Upon my arrival as Mara's new keyboardist, the band started to take more of a turn towards a harder edge (a trait that would follow me pretty much wherever I headed). Popular music in 1984 was right in the middle of the Glam Rock mTV era where big hair, make-up and 3 chord rock songs were the big sellers. In typical fashion, Mara borrowed a taste of this and a pinch of that to their progressive styling’s to create original music that was accessible to the 3 chord rockers, but acceptable to the prog-rock snobs (like myself of course). Mara brought on singer Marty Farris about the same time Dream Theater released their single "Pull Me Under", putting Mara on a similar prog-rock track producing powerful rock songs with intricate rhythms and big vocals.

"Breaking The Silence" was Mara's first release. We recorded it on an 8 track reel-to-reel recorder syncing the keyboards to SYMPE time code (not really an exact science for a bunch of 20 something year old kids), but it sounded simply incredible. Our close friends all became a part of the process taking photographs, designing the cassette jackets (yes, audio cassette – look it up), printing them, cutting, folding, inserting the mass produced tapes – EVERYTHING! At the end of the day we had a package that people could purchase at our live shows. You could take Mara home with you.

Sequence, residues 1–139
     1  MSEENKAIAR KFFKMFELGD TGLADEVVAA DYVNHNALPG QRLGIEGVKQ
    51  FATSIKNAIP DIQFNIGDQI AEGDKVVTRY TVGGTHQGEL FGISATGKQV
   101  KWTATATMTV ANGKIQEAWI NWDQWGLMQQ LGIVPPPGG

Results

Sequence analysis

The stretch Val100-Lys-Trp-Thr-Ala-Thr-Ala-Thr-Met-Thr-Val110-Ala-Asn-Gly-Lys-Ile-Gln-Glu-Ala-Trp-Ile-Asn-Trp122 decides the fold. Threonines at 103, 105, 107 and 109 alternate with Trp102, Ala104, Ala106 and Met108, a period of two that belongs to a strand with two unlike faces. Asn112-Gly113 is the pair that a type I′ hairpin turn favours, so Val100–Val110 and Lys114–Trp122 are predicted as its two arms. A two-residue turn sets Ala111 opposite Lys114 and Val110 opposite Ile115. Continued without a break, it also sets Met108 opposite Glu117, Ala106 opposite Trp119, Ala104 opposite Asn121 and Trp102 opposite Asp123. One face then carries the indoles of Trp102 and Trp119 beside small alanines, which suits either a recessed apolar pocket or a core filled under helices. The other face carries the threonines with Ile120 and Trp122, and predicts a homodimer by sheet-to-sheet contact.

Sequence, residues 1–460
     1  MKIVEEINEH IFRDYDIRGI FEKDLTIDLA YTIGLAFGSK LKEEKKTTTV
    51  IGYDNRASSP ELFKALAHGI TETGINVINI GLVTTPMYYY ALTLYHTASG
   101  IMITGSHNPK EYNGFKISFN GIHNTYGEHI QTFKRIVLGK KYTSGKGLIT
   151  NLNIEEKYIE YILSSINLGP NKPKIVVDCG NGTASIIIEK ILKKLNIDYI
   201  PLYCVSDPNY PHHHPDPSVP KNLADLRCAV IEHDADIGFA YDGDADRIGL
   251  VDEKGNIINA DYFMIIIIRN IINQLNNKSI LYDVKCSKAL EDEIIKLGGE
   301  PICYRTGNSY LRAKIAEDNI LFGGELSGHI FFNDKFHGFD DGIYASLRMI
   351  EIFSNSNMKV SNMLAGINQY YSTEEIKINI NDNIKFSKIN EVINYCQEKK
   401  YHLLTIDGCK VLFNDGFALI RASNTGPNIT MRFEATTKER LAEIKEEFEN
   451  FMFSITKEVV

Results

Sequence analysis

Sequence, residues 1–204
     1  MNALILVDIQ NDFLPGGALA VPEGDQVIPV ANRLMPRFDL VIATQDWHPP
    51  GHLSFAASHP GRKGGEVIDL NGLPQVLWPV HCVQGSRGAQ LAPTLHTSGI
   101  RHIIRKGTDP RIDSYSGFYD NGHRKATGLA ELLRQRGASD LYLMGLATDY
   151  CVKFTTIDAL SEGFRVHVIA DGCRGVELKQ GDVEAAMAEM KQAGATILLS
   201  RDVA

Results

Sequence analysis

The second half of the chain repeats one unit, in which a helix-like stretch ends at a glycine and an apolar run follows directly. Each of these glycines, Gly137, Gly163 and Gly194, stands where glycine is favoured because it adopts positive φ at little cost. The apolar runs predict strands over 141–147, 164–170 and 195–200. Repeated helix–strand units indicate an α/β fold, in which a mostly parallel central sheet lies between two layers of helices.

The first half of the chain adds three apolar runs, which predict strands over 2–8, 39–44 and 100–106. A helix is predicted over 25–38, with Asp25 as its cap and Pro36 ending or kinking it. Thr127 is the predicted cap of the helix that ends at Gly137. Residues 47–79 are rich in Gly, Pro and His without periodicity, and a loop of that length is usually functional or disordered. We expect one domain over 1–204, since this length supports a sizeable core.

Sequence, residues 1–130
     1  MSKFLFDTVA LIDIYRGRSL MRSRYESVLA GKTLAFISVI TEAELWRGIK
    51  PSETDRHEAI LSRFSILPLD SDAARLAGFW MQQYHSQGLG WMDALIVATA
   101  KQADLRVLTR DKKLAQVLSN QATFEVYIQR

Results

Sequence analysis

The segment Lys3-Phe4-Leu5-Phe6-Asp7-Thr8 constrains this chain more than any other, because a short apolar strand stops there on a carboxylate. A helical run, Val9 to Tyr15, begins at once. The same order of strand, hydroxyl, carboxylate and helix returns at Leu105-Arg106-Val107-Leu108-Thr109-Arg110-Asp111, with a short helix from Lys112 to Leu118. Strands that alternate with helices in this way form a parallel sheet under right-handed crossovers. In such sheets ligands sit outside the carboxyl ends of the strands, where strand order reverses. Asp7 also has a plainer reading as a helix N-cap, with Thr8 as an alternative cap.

I thought for sure that this was - at last - my vehicle to stardom.

Over the next few years we would play clubs, open for national acts such as Andy Summers, Marillion, Shooting Star, and “3” (Keith Emerson, Carl Palmer, and Robert Barry). We even did a show in Dayton, OH with Donnie Iris and Joan Jett and the Blackhearts in front of an estimated 18,000 people (WOW what a rush!), all the while writing more and more material. We upgraded to a 16 track recorder and added a bunch of outboard gear to record “Poetry & Motion” – Mara’s first full CD released that included select cuts from our first cassette.

Jason Arnoff, Jim Questa, Marty Farris, Todd Farler, and Chris Mundy
MARA 1987